Onion Creek Ranch, Lohn, Texas
Suzanne W. Gasparotto, Onion Creek Ranch, Lohn, TX
Lohn, Texas
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CASEOUS LYMPHADENITIS
What is it and how to cope with it?

Caseous lymphadenitis (CL) is a contagious bacterial infection in goats (and sheep). Infection occurs through wounds caused by head butting, punctures, and shearing, as well as by oral ingestion of the exudate (pus) from an abscess that has ruptured. The lymph system filters the bacteria from the goat's body and pushes it outside into thick-walled encapsulated abscesses so that it can't harm the goat. Visible abscesses don't appear for months after infection as the lymph system slowly filters the bacteria. Abscesses can be internal, but there is much debate about frequency and correlation of occurence with external abscesses. Abscesses are attached to the back side of the skin rather than the goat's body. Like so many things about goats, we don't have sufficient research to give definitive answers.

gtmed2Not all abscesses are caused by corynebacterium pseudotuberculosis, but those appearing at lymph-gland sites (often under the ear but not always) should be considered suspect and investigated. CL is an equal-opportunity infection -- no breed or sex is exempt. A burst CL abscess is virtually unmistakable; pus is cheesy, toothpaste-thick, whitish/yellowish -- and very infectious. A simple and inexpensive blood test can be performed to diagnose infection. There are several testing methods, but they are unreliable on animals under eight months of age; "false negatives" are high, particularly on goats showing no visible signs of infection. The most accurate testing is done on exudate (pus) taken from the abscess itself.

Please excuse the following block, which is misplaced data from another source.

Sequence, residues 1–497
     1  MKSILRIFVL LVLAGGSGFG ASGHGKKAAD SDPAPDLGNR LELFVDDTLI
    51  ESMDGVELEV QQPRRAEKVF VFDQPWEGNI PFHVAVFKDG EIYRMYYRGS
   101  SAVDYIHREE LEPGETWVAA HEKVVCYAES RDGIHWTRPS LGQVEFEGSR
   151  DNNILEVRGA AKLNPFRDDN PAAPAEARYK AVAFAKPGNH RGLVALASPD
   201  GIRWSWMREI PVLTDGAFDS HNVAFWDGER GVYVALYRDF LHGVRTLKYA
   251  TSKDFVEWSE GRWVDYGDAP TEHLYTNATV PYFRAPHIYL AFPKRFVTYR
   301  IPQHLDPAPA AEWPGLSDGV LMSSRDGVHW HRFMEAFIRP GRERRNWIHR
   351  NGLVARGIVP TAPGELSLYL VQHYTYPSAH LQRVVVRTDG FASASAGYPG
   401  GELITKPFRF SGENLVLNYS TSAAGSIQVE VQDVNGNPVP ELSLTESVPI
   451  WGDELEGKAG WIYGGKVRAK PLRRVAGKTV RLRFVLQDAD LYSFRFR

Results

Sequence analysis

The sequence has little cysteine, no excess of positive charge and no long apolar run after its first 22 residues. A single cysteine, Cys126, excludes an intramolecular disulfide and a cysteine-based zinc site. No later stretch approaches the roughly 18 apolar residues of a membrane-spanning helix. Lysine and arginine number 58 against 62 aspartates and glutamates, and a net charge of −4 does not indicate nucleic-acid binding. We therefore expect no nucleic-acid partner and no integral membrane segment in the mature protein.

Because the thick pus is enclosed in a tough fibrous capsule which medicine cannot penetrate, antibiotic treatment is ineffective against the CL bacteria. Caseous Lymphadenitis is currently considered incurable. Existing vaccine available in the USA is for use with sheep and the manufacturer stresses not using it on goats. Autogenous vaccines -- made from a specific herd's infectious pus -- are sometimes helpful but often only slow down the rate of infection. Colorado Serum Company is developing a CL vaccine for goats that should be available to producers sometime in spring/summer 2008. I will disclose its availability on the Internet via my ChevonTalk meat-goat discussion group (chevontalk-subscribe@yahoogroups.com) and on my website's Articles page.